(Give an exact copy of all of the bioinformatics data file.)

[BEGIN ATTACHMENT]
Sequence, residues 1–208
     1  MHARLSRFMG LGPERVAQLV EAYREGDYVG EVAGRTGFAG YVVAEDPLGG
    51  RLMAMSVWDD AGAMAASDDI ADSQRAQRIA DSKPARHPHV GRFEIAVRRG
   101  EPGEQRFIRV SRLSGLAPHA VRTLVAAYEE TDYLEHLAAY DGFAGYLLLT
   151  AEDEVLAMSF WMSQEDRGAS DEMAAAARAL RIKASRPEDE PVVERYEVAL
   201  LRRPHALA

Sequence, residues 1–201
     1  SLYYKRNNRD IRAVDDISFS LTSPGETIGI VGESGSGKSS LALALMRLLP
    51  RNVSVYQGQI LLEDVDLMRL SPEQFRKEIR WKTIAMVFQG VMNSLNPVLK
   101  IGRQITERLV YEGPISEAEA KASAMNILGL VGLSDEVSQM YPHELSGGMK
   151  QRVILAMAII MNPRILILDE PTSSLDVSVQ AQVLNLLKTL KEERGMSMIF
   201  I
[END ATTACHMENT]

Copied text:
Sequence, residues 1–208
     1  MHARLSRFMG LGPERVAQLV EAYREGDYVG EVAGRTGFAG YVVAEDPLGG
    51  RLMAMSVWDD AGAMAASDDI ADSQRAQRIA DSKPARHPHV GRFEIAVRRG
   101  EPGEQRFIRV SRLSGLAPHA VRTLVAAYEE TDYLEHLAAY DGFAGYLLLT
   151  AEDEVLAMSF WMSQEDRGAS DEMAAAARAL RIKASRPEDE PVVERYEVAL
   201  LRRPHALA

Sequence, residues 1–201
     1  SLYYKRNNRD IRAVDDISFS LTSPGETIGI VGESGSGKSS LALALMRLLP
    51  RNVSVYQGQI LLEDVDLMRL SPEQFRKEIR WKTIAMVFQG VMNSLNPVLK
   101  IGRQITERLV YEGPISEAEA KASAMNILGL VGLSDEVSQM YPHELSGGMK
   151  QRVILAMAII MNPRILILDE PTSSLDVSVQ AQVLNLLKTL KEERGMSMIF
   201  I